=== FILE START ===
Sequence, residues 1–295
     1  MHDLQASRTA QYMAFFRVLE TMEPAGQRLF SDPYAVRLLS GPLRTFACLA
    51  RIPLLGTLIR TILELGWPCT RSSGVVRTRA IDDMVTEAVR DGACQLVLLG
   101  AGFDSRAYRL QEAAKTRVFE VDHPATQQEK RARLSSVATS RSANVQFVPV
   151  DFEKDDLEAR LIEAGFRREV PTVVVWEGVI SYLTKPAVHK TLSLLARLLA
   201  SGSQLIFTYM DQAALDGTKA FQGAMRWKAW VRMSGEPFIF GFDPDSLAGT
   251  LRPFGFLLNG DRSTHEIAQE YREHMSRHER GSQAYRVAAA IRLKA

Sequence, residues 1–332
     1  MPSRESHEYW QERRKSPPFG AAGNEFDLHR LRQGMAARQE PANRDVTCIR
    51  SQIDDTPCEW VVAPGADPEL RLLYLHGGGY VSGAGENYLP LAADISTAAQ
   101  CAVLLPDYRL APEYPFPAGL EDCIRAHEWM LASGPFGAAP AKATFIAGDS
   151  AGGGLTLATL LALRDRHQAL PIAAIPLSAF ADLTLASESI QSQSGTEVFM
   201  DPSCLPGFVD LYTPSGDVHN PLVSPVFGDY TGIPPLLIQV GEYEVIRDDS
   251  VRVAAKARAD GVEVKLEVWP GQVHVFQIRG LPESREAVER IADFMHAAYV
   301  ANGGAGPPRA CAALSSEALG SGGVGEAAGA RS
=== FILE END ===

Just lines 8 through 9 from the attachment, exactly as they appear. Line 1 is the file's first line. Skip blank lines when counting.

Sequence, residues 1–332
     1  MPSRESHEYW QERRKSPPFG AAGNEFDLHR LRQGMAARQE PANRDVTCIR